.addGap(0, 36, Short.MAX_VALUE)
                .addGroup(jPanel1Layout.createParallelGroup(javax.swing.GroupLayout.Alignment.LEADING)
                    .addComponent(jLabel1, javax.swing.GroupLayout.PREFERRED_SIZE, 138, javax.swing.GroupLayout.PREFERRED_SIZE)
                    .addComponent(textNum2, javax.swing.GroupLayout.PREFERRED_SIZE, 119, javax.swing.GroupLayout.PREFERRED_SIZE)
                    .addComponent(textNum1, javax.swing.GroupLayout.PREFERRED_SIZE, 119, javax.swing.GroupLayout.PREFERRED_SIZE)
                    .addGroup(jPanel1Layout.createSequentialGroup()
                        .addComponent(btnMultiply)
                        .addGap(18, 18, 18)
                        .addComponent(textResult, javax.swing.GroupLayout.PREFERRED_SIZE, 51, javax.swing.GroupLayout.PREFERRED_SIZE)))
                .addGap(19, 19, 19))
        );
        jPanel1Layout.setVerticalGroup(
            jPanel1Layout.createParallelGroup(javax.swing.GroupLayout.Alignment.LEADING)
            .addGroup(jPanel1Layout.createSequentialGroup()
                .addContainerGap()
                .addComponent(jLabel1)
                .addGap(28, 28, 28)
                .addComponent(textNum1, javax.swing.GroupLayout.PREFERRED_SIZE, javax.swing.GroupLayout.DEFAULT_SIZE,                     javax.swing.GroupLayout.PREFERRED_SIZE)
                .addPreferredGap(javax.swing.LayoutStyle.ComponentPlacement.UNRELATED)
                .addComponent(textNum2, javax.swing.GroupLayout.PREFERRED_SIZE, javax.swing.GroupLayout.DEFAULT_SIZE, javax.swing.GroupLayout.PREFERRED_SIZE)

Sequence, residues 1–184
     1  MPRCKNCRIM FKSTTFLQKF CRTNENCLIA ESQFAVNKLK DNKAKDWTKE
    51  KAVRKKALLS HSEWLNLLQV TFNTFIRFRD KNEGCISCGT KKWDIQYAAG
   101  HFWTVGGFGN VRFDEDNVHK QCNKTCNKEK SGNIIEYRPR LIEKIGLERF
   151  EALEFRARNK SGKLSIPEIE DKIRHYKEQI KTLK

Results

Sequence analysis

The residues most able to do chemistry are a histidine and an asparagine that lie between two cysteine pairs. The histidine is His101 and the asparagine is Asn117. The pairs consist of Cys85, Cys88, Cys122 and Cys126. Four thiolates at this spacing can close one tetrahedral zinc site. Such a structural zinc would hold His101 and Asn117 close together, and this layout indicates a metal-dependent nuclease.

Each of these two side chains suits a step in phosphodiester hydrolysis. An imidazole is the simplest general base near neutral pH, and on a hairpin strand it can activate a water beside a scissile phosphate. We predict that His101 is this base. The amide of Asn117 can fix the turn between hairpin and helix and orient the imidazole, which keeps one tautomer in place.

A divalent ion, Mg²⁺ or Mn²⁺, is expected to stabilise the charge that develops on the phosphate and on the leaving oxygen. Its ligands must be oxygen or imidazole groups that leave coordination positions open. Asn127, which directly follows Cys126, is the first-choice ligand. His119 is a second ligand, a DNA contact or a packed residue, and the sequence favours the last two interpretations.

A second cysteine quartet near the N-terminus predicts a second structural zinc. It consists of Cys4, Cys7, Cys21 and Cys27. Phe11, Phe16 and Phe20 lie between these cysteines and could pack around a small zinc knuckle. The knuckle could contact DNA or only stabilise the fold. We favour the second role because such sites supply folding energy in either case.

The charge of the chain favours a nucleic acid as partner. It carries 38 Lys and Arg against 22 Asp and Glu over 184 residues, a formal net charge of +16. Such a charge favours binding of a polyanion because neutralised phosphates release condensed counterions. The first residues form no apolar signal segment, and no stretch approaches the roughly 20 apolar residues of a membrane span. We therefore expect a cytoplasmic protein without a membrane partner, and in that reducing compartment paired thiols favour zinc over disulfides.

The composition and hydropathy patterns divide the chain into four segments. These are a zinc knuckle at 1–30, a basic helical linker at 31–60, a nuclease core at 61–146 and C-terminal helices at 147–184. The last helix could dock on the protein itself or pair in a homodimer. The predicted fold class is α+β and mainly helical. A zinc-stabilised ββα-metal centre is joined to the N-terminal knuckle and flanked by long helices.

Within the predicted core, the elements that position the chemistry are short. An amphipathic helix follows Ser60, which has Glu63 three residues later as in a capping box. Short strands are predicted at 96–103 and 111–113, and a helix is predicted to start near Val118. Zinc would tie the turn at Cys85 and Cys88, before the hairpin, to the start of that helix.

.addPreferredGap(javax.swing.LayoutStyle.ComponentPlacement.RELATED, 34, Short.MAX_VALUE)
                .addGroup(jPanel1Layout.createParallelGroup(javax.swing.GroupLayout.Alignment.BASELINE)
                    .addComponent(btnMultiply)
                    .addComponent(textResult, javax.swing.GroupLayout.PREFERRED_SIZE, javax.swing.GroupLayout.DEFAULT_SIZE, javax.swing.GroupLayout.PREFERRED_SIZE))
                .addGap(23, 23, 23))
        );

        javax.swing.GroupLayout layout = new javax.swing.GroupLayout(getContentPane());
        getContentPane().setLayout(layout);
        layout.setHorizontalGroup(
            layout.createParallelGroup(javax.swing.GroupLayout.Alignment.LEADING)
            .addGroup(layout.createSequentialGroup()
                .addGap(100, 100, 100)
                .addComponent(jPanel1, javax.swing.GroupLayout.PREFERRED_SIZE, javax.swing.GroupLayout.DEFAULT_SIZE, javax.swing.GroupLayout.PREFERRED_SIZE)